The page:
And you think I talk funny? Well, try this!
by Jim Davidson, Editorial Columnist
Aug 11, 2014 | 274 views | 0 0 comments | 16 16 recommendations | email to a friend | print
There is an old saying that goes, “You can take the girl out of the country, but you can’t take the country out of the girl.”

Several years ago, I got to know a fellow public speaker by the name of Franklin McGee, who lives down in Anniston, Alabama. He often tells the story of the young lady from their neck of the woods who graduated from college and went to work in the New York office of the French National Airlines. After a short time, it became obvious that her accent and use of the King’s English were going to be a major distraction for many of the airline’s patrons.

At this point, a very conscientious young supervisor took it upon himself to teach her how to develop a more refined manner of speaking. His first task was to train her how to properly answer the telephone. He taught her to say, “Air France, may I help you?”

He even suggested that she put a little more French into the title and say, “Arr Fronce, may I help you?” This young supervisor thought he was doing well until the next day when the telephone rang and he heard her pick it up and say, “Arr Fronce, may I hep ’ya?”

As I have said before, one of the great joys I have in writing and marketing this column is that I get to talk with people all across the nation. In the past several years I have talked with many different newspaper people in every state in this great country.

It’s interesting to hear and detect the different accents, like the Southern drawl down in Georgia, Mississippi and to some degree in the Carolinas. To be sure, the Cajun people in South Louisiana talk differently, as do the people up in Boston and the New England area. You can go from the Ozarks to Texas to the Midwestern states like Montana, Kansas and Nebraska, and you will find that the majority of these people all have a different accent, as well. The same is true when you talk with people out on the West coast in the states of California, Oregon and Washington.

If you have me tuned in you are probably saying, “It’s not just the accents but the words, expressions and colloquial sayings are different, too.”

I am sure you know that much of the strength of the United States comes from our diversity. In fact, the Latin phrase E PLURIBUS UNUM found on the Great Seal of the United States means “Out of many, one.” To illustrate what I am saying, I thought I might share some Texas-style vocabulary that was sent to me by Dr. Karen Robbins, who lives in that state in the town of Belton.

First I will give a saying and then, if necessary, explain what it means.

1. “As welcome as a skunk at a party.” No explanation necessary.

2. “Tighter than the bark on a tree.” Means not very generous.

3. “Big hat, no cattle.” This means all talk and no brains.

4. “We’ve howdied, but we ain’t shook yet.” This means we have made a brief acquaintance, but we have not been formally introduced.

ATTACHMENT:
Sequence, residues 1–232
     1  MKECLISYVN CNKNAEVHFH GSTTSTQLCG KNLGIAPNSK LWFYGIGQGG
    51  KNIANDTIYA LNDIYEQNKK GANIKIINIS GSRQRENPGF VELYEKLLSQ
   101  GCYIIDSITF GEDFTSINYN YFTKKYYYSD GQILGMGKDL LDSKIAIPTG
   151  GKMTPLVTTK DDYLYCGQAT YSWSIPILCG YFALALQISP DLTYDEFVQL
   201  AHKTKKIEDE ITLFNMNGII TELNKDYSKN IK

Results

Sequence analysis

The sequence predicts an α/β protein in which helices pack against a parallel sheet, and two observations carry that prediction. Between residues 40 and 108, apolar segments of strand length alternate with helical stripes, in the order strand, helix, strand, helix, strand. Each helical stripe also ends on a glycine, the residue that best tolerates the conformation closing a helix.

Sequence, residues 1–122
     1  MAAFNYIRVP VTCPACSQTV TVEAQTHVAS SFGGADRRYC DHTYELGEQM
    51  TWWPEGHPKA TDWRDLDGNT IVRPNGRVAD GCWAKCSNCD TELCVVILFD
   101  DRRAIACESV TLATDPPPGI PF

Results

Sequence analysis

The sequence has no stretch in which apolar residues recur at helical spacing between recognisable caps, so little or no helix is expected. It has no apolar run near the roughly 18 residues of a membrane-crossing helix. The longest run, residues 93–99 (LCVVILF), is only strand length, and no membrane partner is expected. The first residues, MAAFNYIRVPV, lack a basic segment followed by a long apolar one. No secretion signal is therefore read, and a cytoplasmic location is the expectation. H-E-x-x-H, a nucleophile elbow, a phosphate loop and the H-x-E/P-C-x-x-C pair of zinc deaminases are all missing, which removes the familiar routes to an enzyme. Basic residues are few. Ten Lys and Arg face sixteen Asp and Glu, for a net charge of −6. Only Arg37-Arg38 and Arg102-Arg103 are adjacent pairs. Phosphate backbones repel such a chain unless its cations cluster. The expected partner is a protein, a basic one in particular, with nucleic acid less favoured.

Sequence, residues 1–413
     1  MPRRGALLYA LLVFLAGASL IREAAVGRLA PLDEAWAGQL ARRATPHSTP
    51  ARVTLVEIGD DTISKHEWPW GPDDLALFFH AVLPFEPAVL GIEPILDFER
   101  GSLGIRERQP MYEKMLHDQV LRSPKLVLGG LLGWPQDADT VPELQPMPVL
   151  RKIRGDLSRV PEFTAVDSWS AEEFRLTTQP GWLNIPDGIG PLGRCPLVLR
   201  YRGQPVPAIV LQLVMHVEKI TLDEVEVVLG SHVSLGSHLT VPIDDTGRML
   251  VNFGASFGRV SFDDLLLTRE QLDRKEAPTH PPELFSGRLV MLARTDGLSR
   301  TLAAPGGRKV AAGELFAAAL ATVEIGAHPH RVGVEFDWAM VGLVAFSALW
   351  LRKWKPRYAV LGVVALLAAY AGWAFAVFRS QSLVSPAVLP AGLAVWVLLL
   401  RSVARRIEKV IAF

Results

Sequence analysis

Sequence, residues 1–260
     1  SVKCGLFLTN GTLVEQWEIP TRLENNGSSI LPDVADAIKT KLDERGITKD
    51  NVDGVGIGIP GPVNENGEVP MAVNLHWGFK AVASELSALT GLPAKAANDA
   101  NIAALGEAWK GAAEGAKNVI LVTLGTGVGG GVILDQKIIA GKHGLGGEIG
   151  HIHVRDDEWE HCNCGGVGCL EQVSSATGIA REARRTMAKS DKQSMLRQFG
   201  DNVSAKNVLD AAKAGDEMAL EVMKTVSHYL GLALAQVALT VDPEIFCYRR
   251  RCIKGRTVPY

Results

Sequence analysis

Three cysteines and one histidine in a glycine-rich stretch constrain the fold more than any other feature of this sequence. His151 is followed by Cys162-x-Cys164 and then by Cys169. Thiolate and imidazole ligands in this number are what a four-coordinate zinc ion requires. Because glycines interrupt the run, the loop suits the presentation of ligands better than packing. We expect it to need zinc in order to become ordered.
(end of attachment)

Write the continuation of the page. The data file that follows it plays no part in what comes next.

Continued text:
5. “He thinks the sun came up just to hear him crow.” This means he has a pretty high opinion of himself.

6. “It’s so dry the trees are bribin’ the dogs.” This means we could use a little rain around here.

7.”Just because a chicken has wings doesn’t mean it can fly.” This means that appearances can be deceptive.

8. “This ain’t my first rodeo.” This means that I have been around for a while.

9. “The dogs kept him under the porch.” This means that he is not the most handsome of men.

10. “They ate supper before they said grace.” This means they are living in sin.

11. “As full of wind as a corn-eating horse.” This means he or she is rather prone to boasting.

12. “You can put your boots in the oven, but that don’t make them biscuits.” This means that you can say whatever you want about something, but that doesn’t change what it is.

13. “We’re in tall cotton.” This means that things are going well.

Since I have a little space left, I have something else you might enjoy called “The Ten Commandments in Cajun.” This is yet another example of how people talk differently in other parts of the country.

No. 1: “God is number one and das all.”

No. 2: “Don’t pray to nuttin’ or nobody, just God.”

No. 3: “Don’t cuss nobody, ’specially da Good Lawd.”

No. 4: “When it be Sunday, pass yo’self by God’s House.”

No. 5: “Yo mama an’ yo daddy dun did it all, lissen to dem.”

No. 6: “Killin’ duck an’ fish, das OK. People — No!”

No. 7: “God done give you a wife, sleep wit jus her.”

No. 8: “Don’t take nobody’s boat or nuttin else.”

No. 9: “Don’t go wantin’ somebody’s stuff.”

No. 10: “Stop lyin, yo tongue gonna fall out yo mouf!”

Thanks for reading! Das all. Roger over and out. Sayonara. Adios. Adieu. Goodbye.

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(Editor’s Note: Jim Davidson is a motivational speaker and syndicated columnist. He may be contacted at 2 Bentley Drive, Conway, AR 72034.)